I've run into this same issue in the past, and have it "fixed" in my
own local copy of matplotlib. I just placed a check to make sure that
cid actually was in the callbacks for s before deleting it.
That is quite possibly a band-aid; I never looked far enough in to
see. But it is possibly another way of fixing the problem.
def process(self, s, *args, **kwargs):
process signal *s*. All of the functions registered to receive
callbacks on *s* will be called with *\*args* and *\*\*kwargs*
if s in self.callbacks:
for cid, proxy in self.callbacks[s].items():
# Clean out dead references
if proxy.inst is not None and proxy.inst() is None:
if cid in self.callbacks[s]: #<------- here
On Tue, Oct 25, 2011 at 1:09 PM, <tobin@...> wrote:
> Here is a bit more detail and a simple example.
> The example below places red squares in an axes. When the user clicks on an existing red square - another square is created and added. When the user hits any key a square is deleted from the axes. The error is triggered by clicking on the red square and then hitting any key, and then clicking a red square again.
> By monitoring cbook.py line 235 and cbook.py line 263 it can be seen that after the second mouse click (following one of the squares being deleted), that the process() function builds a loop and begins handling the button press callbacks. Note that there is a dead reference coming later in this list. The first callback involves another square being created and the connect() method being called. In the connect() call - the dead reference is deleted from the callback list. Now upon returning to the process() callback this dead reference is no longer in the callback list and a Key Exception is triggered once it gets to it in the loop.
> There are two locations where dead references are cleared from the callback list. When these loops get intermingled - as the case with a callback leading to another connect mid-loop - the exception occurs when both loops attempt to delete the dead reference.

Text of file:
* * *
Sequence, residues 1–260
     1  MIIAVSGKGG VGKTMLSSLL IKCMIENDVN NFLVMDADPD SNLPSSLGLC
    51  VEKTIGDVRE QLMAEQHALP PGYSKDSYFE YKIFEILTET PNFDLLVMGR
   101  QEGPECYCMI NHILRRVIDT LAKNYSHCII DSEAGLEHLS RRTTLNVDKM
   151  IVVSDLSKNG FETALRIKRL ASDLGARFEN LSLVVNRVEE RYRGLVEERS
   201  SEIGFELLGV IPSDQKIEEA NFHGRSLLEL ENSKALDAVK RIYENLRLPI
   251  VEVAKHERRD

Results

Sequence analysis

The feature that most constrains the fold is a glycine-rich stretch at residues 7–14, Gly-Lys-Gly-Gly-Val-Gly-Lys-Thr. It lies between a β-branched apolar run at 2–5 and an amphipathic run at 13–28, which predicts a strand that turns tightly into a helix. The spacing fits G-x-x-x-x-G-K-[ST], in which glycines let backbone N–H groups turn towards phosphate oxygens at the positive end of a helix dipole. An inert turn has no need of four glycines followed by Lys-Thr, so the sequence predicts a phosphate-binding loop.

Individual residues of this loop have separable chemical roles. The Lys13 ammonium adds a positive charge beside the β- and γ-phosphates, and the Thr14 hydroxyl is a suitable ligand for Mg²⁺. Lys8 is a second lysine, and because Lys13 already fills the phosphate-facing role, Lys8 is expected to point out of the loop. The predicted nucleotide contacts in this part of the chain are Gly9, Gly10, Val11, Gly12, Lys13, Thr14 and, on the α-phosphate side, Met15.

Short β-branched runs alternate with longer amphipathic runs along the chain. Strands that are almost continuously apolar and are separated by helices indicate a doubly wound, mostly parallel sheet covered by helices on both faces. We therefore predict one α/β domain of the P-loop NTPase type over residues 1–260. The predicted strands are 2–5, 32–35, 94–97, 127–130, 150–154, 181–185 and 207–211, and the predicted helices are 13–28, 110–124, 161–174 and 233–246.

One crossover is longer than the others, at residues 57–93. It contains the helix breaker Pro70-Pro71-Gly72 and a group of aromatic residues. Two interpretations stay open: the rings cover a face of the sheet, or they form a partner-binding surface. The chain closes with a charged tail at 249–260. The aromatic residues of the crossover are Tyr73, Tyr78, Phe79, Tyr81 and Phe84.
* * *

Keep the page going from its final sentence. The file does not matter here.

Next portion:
> Possible Solutions:
> 1. Trap the KeyException at the point of attempting to delete it from the list in both places.
> 2. Place the dead reference check and deletion within a single method ... and perform this check at beginning of the process() and connect() methods before processing callbacks.
> Sample Code
> import matplotlib
> from matplotlib.backends.backend_wxagg import FigureCanvasWxAgg
> from matplotlib.pyplot import Figure, Axes, Rectangle
> import wx
> import random
> class SquareManager(object):
> def __init__(self, axes):
> self.axes = axes
> self.canvas = axes.figure.canvas
> self.squares = 
> self.last_x = 0
> self.canvas.mpl_connect('key_press_event', self.on_key_press)
> def add_square(self):
> self.last_x += .1
> s = Square(self, self.axes, [self.last_x, .4],
> .05, .05, facecolor='red', edgecolor='black')
> def on_key_press(self, evt):
> if len(self.squares) == 0: return
> # delete the first square - results in no error
> # self.squares.remove()
> # del self.squares
> # delete the last square - results in the error
> del self.squares[-1]
> def _refresh(self):
> class Square(Rectangle):
> def __init__(self, manager, axes, *args, **kwds):
> Rectangle.__init__(self, *args, **kwds)
> self.manager = manager
> axes.figure.canvas.mpl_connect('button_press_event', self.selected)
> def selected(self, evt):
> within, _ = self.contains(evt)
> if within:
> app = wx.PySimpleApp()
> frame = wx.Frame(None)
> fig = Figure()
> canvas = FigureCanvasWxAgg(frame, -1, fig)
> a = Axes(fig, [.1, .1, .8, .8])
> sm = SquareManager(a)
> # To demonstrate the error:
> # 1. click on red sqaure
> # 2. press any key
> # 3. click on red sqaure again
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